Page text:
Injecting Chaos in AWS EC2 with Auto-heal using Opsworks

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Injecting Chaos in AWS EC2 with Auto-heal using Opsworks

The AWS OpsWorks is a configuration management service that helps you configure and operate applications in a cloud enterprise by using Puppet or Chef. The Getting Started Guide gets you up and running with simple single node service with auto-healing. ChaosIQ experiments are run through Chaos Toolkit. This tutorial takes you through getting an environment using OpsWorks and running chaos experiment against it to show the auto-healing capability.

Getting Started with AWS OpsWorks

To get up and running quickly with a single instance service using AWS and OpsWorks there is great walkthrough that you can follow Getting Started with Linux Stacks - this will give you an EC2 instance running a simple Node service. I deviated from the walkthrough in that I made my instance a T2 micro leaving me within the free tier for AWS. Having completed the walkthrough my OpWorks console ended up with as layers view as follows:

Ops Works Layers

Note the layer is configured to Auto-heal. This means that is my ec2 instance dies for some reason it will be restarted by the aws infrastructure within 5 minutes.

The walkthrough also left me with a service I could reach at a URL and external ip address, that took me to a page as shown below:

Ops Works Layers

Chaos Toolkit, Open Chaos and the Catalog

Having got my auto-healing service up and running, I thought I should verify the auto-healing is working as expected by injecting so turbulent behaviour into my environment. This is where the Open source Chaos Toolkit, the Chaos toolkit is extended by adding extensions and there is already a large number of extensions on github, many developed by the Chaos toolkit community. Fortunately, there is already an extensive AWS extension that allows me to terminate an EC2 instance by ID. So given this, I was able to develop an experiment that killed off my ec2 instance and check that it restarted.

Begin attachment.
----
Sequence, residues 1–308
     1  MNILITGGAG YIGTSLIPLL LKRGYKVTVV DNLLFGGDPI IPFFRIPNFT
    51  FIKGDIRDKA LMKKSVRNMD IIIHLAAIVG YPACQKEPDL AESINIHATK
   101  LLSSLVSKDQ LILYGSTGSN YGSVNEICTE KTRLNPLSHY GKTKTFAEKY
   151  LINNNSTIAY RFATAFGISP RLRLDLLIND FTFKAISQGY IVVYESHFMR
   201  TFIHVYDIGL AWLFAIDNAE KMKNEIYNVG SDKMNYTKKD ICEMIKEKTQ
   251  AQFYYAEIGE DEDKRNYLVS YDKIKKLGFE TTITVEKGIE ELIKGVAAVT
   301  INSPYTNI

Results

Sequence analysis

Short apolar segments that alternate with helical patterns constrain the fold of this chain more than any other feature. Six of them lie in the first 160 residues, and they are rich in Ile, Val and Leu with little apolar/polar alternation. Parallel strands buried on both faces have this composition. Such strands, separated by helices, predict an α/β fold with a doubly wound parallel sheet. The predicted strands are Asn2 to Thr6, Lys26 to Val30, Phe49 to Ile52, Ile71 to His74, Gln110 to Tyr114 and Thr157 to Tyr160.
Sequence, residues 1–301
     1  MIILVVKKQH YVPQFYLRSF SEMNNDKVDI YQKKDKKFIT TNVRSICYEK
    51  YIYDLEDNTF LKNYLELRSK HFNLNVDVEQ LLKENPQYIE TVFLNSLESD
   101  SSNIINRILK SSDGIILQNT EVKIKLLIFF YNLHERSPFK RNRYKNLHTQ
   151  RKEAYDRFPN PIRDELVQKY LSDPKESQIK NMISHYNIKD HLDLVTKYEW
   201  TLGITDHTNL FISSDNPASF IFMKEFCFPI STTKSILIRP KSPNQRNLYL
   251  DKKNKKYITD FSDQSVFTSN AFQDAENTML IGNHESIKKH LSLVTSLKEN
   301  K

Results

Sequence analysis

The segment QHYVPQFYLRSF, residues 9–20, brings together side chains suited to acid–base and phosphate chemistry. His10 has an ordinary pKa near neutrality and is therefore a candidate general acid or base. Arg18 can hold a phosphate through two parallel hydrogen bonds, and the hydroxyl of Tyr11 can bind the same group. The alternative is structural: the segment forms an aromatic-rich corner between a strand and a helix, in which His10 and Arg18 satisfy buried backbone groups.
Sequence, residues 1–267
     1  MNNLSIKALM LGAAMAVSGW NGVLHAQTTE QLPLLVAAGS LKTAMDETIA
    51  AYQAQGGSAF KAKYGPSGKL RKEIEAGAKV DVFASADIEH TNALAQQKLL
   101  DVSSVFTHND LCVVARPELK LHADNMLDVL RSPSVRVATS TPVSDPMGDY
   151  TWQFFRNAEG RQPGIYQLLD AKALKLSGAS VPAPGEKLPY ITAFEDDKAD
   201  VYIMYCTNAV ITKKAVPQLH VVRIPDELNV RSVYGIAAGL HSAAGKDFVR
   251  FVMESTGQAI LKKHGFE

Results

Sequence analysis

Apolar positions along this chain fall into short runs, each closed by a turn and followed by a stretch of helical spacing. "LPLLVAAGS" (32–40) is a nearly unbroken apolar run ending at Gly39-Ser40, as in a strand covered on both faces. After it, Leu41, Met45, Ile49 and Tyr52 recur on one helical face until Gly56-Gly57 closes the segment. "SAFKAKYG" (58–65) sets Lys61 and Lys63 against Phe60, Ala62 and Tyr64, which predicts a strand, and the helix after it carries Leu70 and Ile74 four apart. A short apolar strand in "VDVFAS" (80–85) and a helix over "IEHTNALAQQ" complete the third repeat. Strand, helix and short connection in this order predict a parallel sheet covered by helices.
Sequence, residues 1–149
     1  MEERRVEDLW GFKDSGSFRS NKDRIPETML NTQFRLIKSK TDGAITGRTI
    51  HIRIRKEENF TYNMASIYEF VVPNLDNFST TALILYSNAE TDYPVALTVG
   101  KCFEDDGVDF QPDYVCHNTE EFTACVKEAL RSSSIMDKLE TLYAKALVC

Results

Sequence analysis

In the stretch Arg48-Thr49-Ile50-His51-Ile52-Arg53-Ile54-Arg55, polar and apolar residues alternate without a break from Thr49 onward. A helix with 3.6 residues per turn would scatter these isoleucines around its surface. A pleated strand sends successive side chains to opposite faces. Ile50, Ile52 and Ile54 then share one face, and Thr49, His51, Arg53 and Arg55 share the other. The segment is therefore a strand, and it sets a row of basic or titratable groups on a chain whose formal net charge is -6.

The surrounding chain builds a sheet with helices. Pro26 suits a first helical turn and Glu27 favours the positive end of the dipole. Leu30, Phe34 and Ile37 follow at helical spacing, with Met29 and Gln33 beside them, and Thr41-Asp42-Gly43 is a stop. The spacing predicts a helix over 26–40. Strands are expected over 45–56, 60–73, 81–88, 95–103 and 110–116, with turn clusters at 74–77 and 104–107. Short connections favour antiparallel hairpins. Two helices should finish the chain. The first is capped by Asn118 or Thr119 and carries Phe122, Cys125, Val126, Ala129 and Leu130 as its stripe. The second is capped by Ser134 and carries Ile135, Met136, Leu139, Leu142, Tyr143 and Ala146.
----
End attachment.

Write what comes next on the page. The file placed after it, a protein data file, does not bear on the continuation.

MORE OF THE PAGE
Open Chaos Catalog

As part of the Open Chaos Initiative we are developing and contributing to the chaos catalog in github within the catalog I have added the experiment to kill of the EC2 instance and wait for the auto-heal to complete. The experiment README, contains the full details of how to run the experiment aginst the OpsWork environment, this in a nutshell, with the native chaos` command, can be as simple as:

(chaostk) export EC2_INSTANCE_ID=my_ec2_instance_id; \
          export AVAILABILITY_ZONE=us-west-2; \
          export AWS_REGION=us-west-2; \
          export AWS_ACCESS_KEY_ID=ABCD*****; \
          export AWS_SECRET_ACCESS_KEY=ABCD**********xx; \
          chaos run https://raw.githubusercontent.com/open-chaos/experiment-catalog/master/aws/OpsWorks/ow_ec2_auto_heal_single_instance_service.json

This will run a locally installed chaos toolkit, with the experiment defined withing the git hub catalogue. Details of the environment variables and their meaning can be seen README

Chaos Console

The above is great when I want to run my experiments in isolation and I have full control over my environment, but what if I am part of a team or working in an enterprise, if I randomly kill off my production services at will it could raise a few eyebrows and possibly have a negative impact on my career progression. This is where the ChaosIQ console comes in. As a user of the console I can view and control my experiments from the console, but more importantly, this can provide visibility and control to my team. My dashboard view can be seen below:

Chaos Console Dashboard

The console environment allows me to work with other members of my team so I can share experiments and the results of executions, I can also setup Safeguards these safeguard's for example, can protect me from:

  • running my experiment at a bad time operationally
  • running my experiment that clashes with other team members experiments
  • allows me to setup a policy to stop all experiments now (big red button)

We are currently inviting people to join ChaosIQ early access program and if you feel the features of the ChaosIQ could benefit your or your team or we can assist in anyway on your Journey to Chaos Engineering, then please see our Early Access Request Page

Chaos Engineering Resources